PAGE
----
“Business travelers, as well as many leisure travelers, value what Airbnb lacks and what hotel brands do best: availability (hotels cannot delist at short notice), professional hospitality, brand standards and loyalty program perks,” said Chekitan Dev, a professor at Cornell University’s Nolan School of Hotel Administration in Ithaca, N.Y. “This is why most major hotel companies are extending their brands into private homes.”
Among the handful of players, Homes & Villas by Marriott International boasts the largest inventory and broadest reach, with approximately 60,000 properties in about 75 countries, a mix of vacation rental stalwarts (France, Mexico, Hawaii) and unusual holiday spots (Qatar, Kazakhstan, Mauritius). (For context, Airbnb claims about 6 million listings.) Accor’s Onefinestay comes in a distant second with 4,500 homes, villas and chalets around the globe. Relais & Châteaux entered the game in April 2021, and its portfolio has grown to 585 chalets, castles, vineyard estates and other types of boutique habitats on six continents.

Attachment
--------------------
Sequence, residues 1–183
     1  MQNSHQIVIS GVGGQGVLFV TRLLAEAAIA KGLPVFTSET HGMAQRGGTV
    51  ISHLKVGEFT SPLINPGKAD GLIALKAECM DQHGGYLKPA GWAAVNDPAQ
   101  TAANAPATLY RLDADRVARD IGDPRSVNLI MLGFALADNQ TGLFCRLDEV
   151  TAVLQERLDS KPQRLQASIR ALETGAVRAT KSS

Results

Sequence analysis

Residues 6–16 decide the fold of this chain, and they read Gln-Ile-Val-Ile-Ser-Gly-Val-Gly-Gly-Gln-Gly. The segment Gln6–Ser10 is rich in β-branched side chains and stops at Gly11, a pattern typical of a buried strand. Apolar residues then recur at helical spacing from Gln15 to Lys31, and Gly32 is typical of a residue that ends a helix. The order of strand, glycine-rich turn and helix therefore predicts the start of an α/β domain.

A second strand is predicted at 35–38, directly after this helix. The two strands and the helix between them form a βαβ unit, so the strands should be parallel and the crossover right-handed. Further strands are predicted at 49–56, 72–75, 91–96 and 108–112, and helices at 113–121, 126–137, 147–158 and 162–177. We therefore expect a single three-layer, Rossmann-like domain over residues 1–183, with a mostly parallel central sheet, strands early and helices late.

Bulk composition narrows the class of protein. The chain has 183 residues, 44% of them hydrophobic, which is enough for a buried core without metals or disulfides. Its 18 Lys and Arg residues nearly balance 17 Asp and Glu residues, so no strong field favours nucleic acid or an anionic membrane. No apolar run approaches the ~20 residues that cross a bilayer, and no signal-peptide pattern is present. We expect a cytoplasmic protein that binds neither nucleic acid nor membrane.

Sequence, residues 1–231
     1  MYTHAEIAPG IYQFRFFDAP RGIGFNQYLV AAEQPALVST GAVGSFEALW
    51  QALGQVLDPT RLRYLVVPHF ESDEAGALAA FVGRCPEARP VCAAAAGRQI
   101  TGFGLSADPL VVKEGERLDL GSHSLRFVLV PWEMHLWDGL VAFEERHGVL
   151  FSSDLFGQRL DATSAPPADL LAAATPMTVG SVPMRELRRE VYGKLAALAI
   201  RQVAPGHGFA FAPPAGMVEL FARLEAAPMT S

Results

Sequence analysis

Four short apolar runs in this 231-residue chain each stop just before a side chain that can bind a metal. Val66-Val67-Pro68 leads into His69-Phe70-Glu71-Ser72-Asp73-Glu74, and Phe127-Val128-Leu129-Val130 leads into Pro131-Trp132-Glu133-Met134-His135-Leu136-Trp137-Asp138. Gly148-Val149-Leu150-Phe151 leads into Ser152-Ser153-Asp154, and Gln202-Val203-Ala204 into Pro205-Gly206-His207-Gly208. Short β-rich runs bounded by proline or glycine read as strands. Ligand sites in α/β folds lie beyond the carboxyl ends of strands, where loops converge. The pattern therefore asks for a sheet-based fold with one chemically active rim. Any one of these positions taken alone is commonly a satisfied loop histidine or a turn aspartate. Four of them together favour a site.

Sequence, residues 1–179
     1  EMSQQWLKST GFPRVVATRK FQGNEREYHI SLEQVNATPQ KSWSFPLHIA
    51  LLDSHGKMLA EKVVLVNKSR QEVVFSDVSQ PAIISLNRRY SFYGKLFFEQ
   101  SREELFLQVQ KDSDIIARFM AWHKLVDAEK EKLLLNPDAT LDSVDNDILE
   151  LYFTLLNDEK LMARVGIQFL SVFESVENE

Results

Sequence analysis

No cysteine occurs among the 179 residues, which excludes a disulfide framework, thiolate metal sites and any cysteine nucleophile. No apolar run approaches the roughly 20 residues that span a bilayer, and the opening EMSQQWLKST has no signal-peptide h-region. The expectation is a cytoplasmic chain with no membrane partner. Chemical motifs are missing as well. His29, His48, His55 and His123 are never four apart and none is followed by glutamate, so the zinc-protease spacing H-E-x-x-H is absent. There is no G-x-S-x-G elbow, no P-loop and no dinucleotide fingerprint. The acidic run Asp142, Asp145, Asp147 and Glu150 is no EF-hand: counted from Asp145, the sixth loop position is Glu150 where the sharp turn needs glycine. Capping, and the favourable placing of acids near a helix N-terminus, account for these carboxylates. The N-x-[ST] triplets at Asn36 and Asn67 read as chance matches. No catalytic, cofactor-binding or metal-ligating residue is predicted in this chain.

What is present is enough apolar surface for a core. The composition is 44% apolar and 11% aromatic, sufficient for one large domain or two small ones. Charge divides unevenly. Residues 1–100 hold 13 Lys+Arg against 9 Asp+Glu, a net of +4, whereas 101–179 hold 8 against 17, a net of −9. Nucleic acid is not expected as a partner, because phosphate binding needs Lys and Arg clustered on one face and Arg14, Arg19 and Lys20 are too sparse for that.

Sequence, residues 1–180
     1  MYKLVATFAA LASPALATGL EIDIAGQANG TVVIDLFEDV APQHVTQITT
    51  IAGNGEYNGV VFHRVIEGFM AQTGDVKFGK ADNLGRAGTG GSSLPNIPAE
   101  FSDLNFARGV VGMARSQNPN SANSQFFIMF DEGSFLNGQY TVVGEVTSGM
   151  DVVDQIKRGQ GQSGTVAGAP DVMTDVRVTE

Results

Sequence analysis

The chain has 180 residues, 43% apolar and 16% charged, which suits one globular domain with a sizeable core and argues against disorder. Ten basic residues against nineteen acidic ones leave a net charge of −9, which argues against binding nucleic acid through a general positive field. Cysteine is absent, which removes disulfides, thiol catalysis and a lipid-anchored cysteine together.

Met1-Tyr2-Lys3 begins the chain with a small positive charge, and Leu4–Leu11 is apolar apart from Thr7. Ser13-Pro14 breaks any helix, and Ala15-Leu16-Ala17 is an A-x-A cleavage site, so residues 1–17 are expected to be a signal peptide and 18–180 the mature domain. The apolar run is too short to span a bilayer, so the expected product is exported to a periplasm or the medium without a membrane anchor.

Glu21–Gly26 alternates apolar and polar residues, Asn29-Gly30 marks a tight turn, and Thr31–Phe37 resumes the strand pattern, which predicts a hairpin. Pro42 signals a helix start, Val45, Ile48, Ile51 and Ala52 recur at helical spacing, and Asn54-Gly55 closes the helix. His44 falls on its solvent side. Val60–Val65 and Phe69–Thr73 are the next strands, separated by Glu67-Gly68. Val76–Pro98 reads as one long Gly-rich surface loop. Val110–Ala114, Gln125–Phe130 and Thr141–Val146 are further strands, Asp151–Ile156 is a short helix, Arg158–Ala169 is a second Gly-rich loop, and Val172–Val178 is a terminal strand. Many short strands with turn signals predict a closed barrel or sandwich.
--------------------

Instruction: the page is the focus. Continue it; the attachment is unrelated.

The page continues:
Mandarin Oriental Exclusive Homes, which launched in March featuring properties from StayOne, and Auberge Resorts Collection have a more limited menu, with eight and nine properties, respectively. Graduate Hotels, which targets college towns, is the newest arrival: The company plans to roll out Graduate Homes in Oxford, Miss., this fall, just in time for Ole Miss football season. So far, four homeowners have signed up. The rental program is also recruiting residences in Ann Arbor, Mich., and Knoxville, Tenn.